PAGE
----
Premera Blue Cross has agreed to pay $10 million to 30 states following a data breach that exposed sensitive information on over 10 million people across the country.
The settlement negotiated with the Washington State Attorney Generals Office and led by Attorney General Bob Ferguson claims Premera Blue Cross, the largest health insurer in the Pacific Northwest, failed to meet its obligations under the federal Health Insurance Portability and Accountability Act (HIPAA) by ignoring known security vulnerabilities that enabled hackers to access protected health data for nearly a year.
From May 5, 2014, to March 6, 2-15 hackers had unauthorized access to the Premera network, exposing sensitive information on 10.4 million people, the majority of them in Washington. Information compromised includes consumers' private health data, Social Security numbers, banking information, full names, addresses, dates of birth, member identification numbers, email addresses, and phone numbers.
Hackers gained access to the network by exploiting multiple known weaknesses in Premera's data security. Premera was repeatedly warned by cybersecurity experts and auditors for years prior to the breach of the vulnerabilities in its systems, including slow installs of software updates and security patches, but the company failed to fix them. To learn more about the Problems with Running Outdated Software, check out our latest whitepaper.
Ferguson also claims that Premera misled consumers about its privacy practices before and after the breach. Privacy notices shared with members claimed "We take steps to secure our buildings and electronic systems from unauthorized access", which was ultimately not the case. Once the breach went public, Premera's call center agents reportedly told consumers there was "no reason to believe that any of your information was accessed or misused", which was also found to not be true.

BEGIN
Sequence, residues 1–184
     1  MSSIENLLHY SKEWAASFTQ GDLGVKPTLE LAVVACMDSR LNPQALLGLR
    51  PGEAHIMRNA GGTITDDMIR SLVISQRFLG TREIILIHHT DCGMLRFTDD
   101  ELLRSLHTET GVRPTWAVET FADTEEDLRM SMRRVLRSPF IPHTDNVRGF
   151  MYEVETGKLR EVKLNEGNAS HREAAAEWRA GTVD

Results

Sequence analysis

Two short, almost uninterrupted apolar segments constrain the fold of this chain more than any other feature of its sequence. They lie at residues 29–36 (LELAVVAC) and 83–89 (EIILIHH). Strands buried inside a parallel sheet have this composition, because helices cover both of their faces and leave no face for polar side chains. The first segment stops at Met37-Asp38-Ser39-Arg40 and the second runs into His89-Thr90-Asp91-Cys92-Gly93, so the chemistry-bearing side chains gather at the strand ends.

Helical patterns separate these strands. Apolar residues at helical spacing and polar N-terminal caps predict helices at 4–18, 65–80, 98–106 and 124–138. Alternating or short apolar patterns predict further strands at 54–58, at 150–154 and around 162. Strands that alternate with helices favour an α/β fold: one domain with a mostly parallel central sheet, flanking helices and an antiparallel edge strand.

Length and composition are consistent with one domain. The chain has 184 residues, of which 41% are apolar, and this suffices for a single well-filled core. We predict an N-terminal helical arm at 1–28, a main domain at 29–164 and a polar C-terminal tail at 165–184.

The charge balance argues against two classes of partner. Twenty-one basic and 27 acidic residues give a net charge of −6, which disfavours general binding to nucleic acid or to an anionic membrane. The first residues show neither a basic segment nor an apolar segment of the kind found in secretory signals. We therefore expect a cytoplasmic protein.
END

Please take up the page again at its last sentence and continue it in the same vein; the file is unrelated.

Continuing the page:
Under HIPAA, health organizations are required to implement administrative, physical, and technical safeguards that reasonably and appropriately protect sensitive consumer information. Premera failed to meet these standards, leaving millions of consumers vulnerable to dangers like fraudulent tax returns, fraudulent bank account activity, and identity theft.
Under this settlement, Premera is required to pay $5.4 million to Washington and the rest of the states, implement data security controls to protect personal health data, review its security practices annually, and provide third-party data security reports to the attorney general offices. Premera is also required to hire a Chief Information Security Officer, create a compliance program and hire a compliance officer with a background in HIPAA Compliance, and provide security training to all employees who handle protected health information.
This new settlement comes just weeks after Premera agreed to pay $74 million to settle a federal class-action lawsuit on behalf of affected customers. The settlement, which still requires approvals from a judge in Oregon, would require Premera to pay for two years of credit monitoring services for its customers. For subscribers in California, Premera will offer up to $50-100 per person, plus reimburse customers for all documented out of pocket expenses related to the breach.
Healthcare providers and payers continue to be a target from hackers due to the high demand for personal records on the black market. To protect personal data and protected health information, NNT suggests leveraging the foundational security controls outlined by all leading security frameworks, such as HIPAA and CIS with the operational discipline of change management. Learn more about NNT's Solutions for the Healthcare Industry